SELECT FORMAT (@d, 'd', 'en-US') AS 'US English', 
    FORMAT (@d, 'd', 'no') AS 'Norwegian Result', 
    FORMAT(@d, 'd', 'hi-IN') AS 'India', 
    FORMAT(@d, 'd', 'ru-RU') AS 'Russian', 
    FORMAT(@d, 'd', 'gl-ES') AS 'Galician (Spain)',
    FORMAT ( @d, 'd', 'en-gb' ) AS 'Great Britain English',
    FORMAT (@d, 'd', 'zu') AS 'Zulu',
    FORMAT ( @d, 'd', 'de-de' ) AS 'German', 
    FORMAT ( @d, 'd', 'zh-cn' ) AS 'Simplified Chinese (PRC)';

You get the date format in a specified culture, as shown below.

 SQL convert date format in a specified culture

If you want the date output in full date/time (long time) pattern, specify the format code F, and it quickly changes your date format.

SQL Convert date format in long time pattern In the date format, you can also specify the custom formats and it converts the input date string as per your requirements.

To specify the custom strings, we can use the following abbreviations.

  • dd: Day of the month (01 to 31)
  • dddd: day spelling
  • MM: Month number (01 to 12)
  • MMMM: Month spelling
  • yy: Year in the two-digit
  • yyyy: Four-digit year
  • hh: It is the hour 01 to 12
  • HH: It gives 24 hrs. format hour 00 to 23
  • mm: minute 00 to 59
  • ss: second from 00 to 59
  • tt: AM or PM

In the below script, we converted the input date formats into multiple formats using the above abbreviations or codes.

DECLARE @d DATETIME ='2020-12-08 16:36:17.760';  
SELECT 
    FORMAT (@d,'dd/MM/yyyy ') as [Date Format 1] ,
    FORMAT (@d, 'dd/MM/yyyy, hh:mm:ss ') as [Date Format 2] ,
    FORMAT(@d,'yyyy-MM-dd HH:mm:ss')as [Date Format 3] ,
    FORMAT(@d,'Dd MMM yyyy HH:mm:ss')as [Date Format 4] ,
    FORMAT(@d,'MMM d yyyy h:mm:ss')as [Date Format 5] ,
    FORMAT (@d, 'dddd, MMMM, yyyy')as [Date Format 6] ,
    FORMAT (@d, 'MMM dd yyyy') as [Date Format 7] ,
    FORMAT (@d, 'MM.dd.yy') as [Date Format 8] ,
    FORMAT (@d, 'MM-dd-yy') as [Date Format 9] ,
    FORMAT (@d, 'hh:mm:ss tt')as [Date Format 10] ,
    FORMAT (@d, 'd-M-yy')as [Date Format 11] ,
    FORMAT(@d,'MMMM dd,yyyy')as [Date Format 12] 

 SQL date format.

Using AT TIME ZONE in SQL Server 2016 or later

Different countries follow different time zones. Usually, these time zones follow the offset from Coordinated Universal Time (UTC) time. A few examples of time zones are:

  • Australian Central Daylight Time: UTC +10:30
  • India Standard Time: UTC +5:30
  • Mountain Daylight Time: UTC-6
  • Singapore Time: UTC+8
  • Central Daylight Time: UTC-5

You can refer to this article for a detailed list of time zones.

Many countries follow daylight saving and the clock is adjusted 1 hour (or 30-45 minutes) depending upon the time zones. For example, Central Daylight Time followed the below schedule:

  • Standard Time began: November 1, 2020 02:00 local time. Clocks were turned back one hour.
  • Standard Time ends March 14, 2021 02:00 local time. Clocks will go forward one hour.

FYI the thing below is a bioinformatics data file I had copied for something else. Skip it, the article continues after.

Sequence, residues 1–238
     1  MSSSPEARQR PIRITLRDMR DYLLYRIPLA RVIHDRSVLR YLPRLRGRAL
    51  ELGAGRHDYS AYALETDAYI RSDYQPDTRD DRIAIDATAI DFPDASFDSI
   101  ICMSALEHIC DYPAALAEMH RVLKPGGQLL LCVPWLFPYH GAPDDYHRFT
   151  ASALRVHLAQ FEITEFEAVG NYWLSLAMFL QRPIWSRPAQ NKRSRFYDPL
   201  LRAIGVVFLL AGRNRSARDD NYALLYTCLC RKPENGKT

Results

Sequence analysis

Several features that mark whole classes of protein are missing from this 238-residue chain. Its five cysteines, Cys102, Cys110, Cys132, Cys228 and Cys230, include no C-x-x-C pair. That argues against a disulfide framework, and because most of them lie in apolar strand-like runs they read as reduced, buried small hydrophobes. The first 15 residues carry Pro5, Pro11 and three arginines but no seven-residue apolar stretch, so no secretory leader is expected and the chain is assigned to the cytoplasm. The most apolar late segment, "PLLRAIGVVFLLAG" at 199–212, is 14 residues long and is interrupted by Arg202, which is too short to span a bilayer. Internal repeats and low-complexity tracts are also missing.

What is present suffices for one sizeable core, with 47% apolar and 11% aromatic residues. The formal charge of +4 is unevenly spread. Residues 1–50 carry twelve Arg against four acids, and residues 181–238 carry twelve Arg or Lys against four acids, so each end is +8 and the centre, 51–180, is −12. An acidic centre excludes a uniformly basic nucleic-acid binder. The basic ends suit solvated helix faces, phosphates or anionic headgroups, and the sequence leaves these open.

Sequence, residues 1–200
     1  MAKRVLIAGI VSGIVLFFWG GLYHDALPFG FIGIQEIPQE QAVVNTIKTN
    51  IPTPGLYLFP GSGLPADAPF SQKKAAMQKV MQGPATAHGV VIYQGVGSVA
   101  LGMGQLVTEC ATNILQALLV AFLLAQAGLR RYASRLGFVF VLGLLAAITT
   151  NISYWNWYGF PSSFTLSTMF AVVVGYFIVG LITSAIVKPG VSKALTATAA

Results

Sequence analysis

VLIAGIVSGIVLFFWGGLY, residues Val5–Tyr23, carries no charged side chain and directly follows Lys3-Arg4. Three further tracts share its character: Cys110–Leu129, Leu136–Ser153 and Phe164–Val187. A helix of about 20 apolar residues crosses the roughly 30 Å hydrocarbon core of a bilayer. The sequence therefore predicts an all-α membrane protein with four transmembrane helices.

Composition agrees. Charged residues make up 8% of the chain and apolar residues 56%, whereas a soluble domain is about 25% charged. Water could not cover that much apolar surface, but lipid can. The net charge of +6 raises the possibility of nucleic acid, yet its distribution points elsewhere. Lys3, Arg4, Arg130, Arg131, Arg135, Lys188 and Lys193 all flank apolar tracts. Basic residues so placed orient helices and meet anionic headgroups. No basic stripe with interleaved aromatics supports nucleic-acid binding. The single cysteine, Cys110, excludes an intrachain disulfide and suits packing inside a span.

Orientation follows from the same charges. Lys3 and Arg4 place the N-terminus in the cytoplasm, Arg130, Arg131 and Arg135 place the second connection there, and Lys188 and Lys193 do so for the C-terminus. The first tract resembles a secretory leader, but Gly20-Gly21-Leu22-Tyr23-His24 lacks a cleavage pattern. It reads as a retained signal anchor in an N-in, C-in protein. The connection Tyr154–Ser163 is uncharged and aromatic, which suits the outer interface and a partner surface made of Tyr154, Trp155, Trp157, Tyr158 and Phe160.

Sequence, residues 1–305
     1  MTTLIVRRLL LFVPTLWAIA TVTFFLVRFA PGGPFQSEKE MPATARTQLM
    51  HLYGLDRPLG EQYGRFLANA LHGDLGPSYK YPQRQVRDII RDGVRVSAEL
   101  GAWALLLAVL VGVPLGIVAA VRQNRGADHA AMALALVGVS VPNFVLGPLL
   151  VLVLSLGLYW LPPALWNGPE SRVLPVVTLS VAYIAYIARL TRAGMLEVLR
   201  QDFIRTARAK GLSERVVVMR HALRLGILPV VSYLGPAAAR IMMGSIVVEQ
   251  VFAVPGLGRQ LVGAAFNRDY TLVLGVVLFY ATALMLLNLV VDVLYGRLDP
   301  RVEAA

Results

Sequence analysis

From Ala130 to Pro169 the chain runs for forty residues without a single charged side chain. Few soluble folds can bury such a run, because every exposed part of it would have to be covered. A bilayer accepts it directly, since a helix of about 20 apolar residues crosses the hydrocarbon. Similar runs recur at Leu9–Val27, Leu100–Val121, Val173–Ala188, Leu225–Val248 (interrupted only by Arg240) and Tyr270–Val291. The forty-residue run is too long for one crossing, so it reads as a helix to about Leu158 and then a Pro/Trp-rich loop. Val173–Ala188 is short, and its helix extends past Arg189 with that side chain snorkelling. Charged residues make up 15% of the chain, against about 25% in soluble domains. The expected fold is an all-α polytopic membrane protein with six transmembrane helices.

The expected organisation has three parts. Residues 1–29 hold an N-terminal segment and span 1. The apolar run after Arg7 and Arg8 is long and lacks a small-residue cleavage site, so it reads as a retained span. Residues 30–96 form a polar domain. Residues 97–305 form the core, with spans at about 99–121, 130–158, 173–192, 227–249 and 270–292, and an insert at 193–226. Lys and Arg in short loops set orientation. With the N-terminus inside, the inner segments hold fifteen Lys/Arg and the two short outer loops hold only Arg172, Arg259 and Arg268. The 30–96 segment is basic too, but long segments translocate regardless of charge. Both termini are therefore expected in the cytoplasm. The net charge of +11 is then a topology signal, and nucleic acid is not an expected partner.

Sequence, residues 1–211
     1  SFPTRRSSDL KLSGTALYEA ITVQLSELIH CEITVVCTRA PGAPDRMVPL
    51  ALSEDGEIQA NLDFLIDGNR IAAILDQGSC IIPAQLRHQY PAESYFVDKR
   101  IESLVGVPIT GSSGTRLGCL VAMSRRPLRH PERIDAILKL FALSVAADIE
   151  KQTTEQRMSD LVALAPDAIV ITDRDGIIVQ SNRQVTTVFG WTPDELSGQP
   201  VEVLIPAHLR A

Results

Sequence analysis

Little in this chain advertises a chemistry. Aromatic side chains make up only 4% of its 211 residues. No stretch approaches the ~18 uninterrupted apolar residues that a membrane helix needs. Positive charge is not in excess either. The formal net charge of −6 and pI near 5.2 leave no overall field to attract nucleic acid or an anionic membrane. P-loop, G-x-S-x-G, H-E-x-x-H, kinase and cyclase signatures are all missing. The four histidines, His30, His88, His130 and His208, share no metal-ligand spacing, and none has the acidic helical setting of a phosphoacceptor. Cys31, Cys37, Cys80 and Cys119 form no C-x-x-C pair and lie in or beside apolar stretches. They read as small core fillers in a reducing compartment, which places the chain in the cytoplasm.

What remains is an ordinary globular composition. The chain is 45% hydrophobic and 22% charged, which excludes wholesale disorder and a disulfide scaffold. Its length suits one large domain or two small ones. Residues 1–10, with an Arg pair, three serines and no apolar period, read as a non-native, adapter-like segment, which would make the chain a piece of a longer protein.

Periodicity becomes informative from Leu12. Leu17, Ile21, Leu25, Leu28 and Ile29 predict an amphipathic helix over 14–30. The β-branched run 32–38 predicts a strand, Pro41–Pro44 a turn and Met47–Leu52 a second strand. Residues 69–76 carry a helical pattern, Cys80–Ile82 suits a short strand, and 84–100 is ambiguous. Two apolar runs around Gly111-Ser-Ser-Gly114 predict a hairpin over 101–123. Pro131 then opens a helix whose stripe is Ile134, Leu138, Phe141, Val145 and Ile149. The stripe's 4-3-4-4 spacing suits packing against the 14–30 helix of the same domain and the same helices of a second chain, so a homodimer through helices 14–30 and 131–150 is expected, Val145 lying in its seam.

SQL Server is not aware of these time zones and daylight saving. Usually, an organization follows the UTC zones as it does not require any changes.

How can we convert time zones in SQL Server?

You can use AT TIME ZONE starting from SQL Server 2016 and convert the time zones. In the below query, it shows dates for the Central Standard Time, India Standard Time and Samoa Standard Time.

Declare @DateinUTC datetime2='2020-11-01 02:00:00'
select 
@DateinUTC AT TIME ZONE 'UTC' AT TIME ZONE 'Central Standard Time' as 'Central Standard Time' ,
    @DateinUTC AT TIME ZONE 'UTC' AT TIME ZONE 'India Standard Time' as 'India Standard Time',
    @DateinUTC AT TIME ZONE 'UTC' AT TIME ZONE 'Samoa Standard Time' as  'Samoa Standard Time',
    @DateinUTC AT TIME ZONE 'UTC' AT TIME ZONE 'Dateline Standard Time' as 'Dateline Standard Time' 

At Time Zone code in SQL Server  

To know the supported time zones, you can query sys.time_zone_info and it returns the time zone and the offset.

A query example using sys.time_zone_info 

You can then filter the time zones that are currently abiding by daylight saving.

Select * from sys.time_zone_info where is_currently_dst=1

Filtering time zones by daylight savings in SQL Server using the SQL Convert date function.   

Now, let's consider the daylight saving for Eastern Time.

  • Daylight Saving Time began - Sunday, March 8, 2020 at 2:00 AM.
  • Daylight Saving Time ended- Sunday, November 1, 2020, at 2:00 AM.

Convert your UTC zone into the Eastern Standard Time, and you can note the impact of daylight saving.

DECLARE 
    @PreDST datetime = '2020-03-08 06:59:00',
    @PostDST datetime = '2020-03-08 07:00:00';
SELECT 
    @PreDST AT TIME ZONE 'UTC' AT TIME ZONE 'Eastern Standard Time' AS [EST time before DST],
    @PostDST AT TIME ZONE 'UTC' AT TIME ZONE 'Eastern Standard Time' AS [EST time before DST];

 Changing the UTC zone into the Eastern standard time in SQL Server.

Useful points for using SQL CONVERT date formats

Evaluate your application requirements and choose the appropriate data type date, SmallDateTime, DateTime, DateTime2 and DateTimeOffset.

You can convert the date format using SQL CONVERT date and FORMAT functions; however, it is advisable to use the format that most closely satisfies your workloads. This will help you avoid having to use the explicit date conversion.

You can account for daylight saving in SQL Server using the AT TIME ZONE function starting from SQL